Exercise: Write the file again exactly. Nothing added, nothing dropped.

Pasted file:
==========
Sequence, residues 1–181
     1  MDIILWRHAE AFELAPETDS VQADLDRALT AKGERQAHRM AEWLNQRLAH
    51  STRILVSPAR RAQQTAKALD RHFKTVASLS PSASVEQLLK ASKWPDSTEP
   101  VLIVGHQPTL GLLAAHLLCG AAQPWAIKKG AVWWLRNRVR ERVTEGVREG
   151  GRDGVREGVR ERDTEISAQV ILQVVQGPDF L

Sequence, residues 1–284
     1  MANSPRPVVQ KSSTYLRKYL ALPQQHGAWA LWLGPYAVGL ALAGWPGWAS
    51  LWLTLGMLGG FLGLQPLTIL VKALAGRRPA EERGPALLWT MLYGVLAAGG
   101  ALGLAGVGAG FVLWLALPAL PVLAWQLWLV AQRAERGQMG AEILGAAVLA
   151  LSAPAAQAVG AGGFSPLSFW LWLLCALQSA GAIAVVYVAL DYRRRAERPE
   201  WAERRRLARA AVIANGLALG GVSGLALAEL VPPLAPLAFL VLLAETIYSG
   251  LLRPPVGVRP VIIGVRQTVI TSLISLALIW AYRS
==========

Sequence, residues 1–181
     1  MDIILWRHAE AFELAPETDS VQADLDRALT AKGERQAHRM AEWLNQRLAH
    51  STRILVSPAR RAQQTAKALD RHFKTVASLS PSASVEQLLK ASKWPDSTEP
   101  VLIVGHQPTL GLLAAHLLCG AAQPWAIKKG AVWWLRNRVR ERVTEGVREG
   151  GRDGVREGVR ERDTEISAQV ILQVVQGPDF L

Sequence, residues 1–284
     1  MANSPRPVVQ KSSTYLRKYL ALPQQHGAWA LWLGPYAVGL ALAGWPGWAS
    51  LWLTLGMLGG FLGLQPLTIL VKALAGRRPA EERGPALLWT MLYGVLAAGG
   101  ALGLAGVGAG FVLWLALPAL PVLAWQLWLV AQRAERGQMG AEILGAAVLA
   151  LSAPAAQAVG AGGFSPLSFW LWLLCALQSA GAIAVVYVAL DYRRRAERPE
   201  WAERRRLARA AVIANGLALG GVSGLALAEL VPPLAPLAFL VLLAETIYSG
   251  LLRPPVGVRP VIIGVRQTVI TSLISLALIW AYRS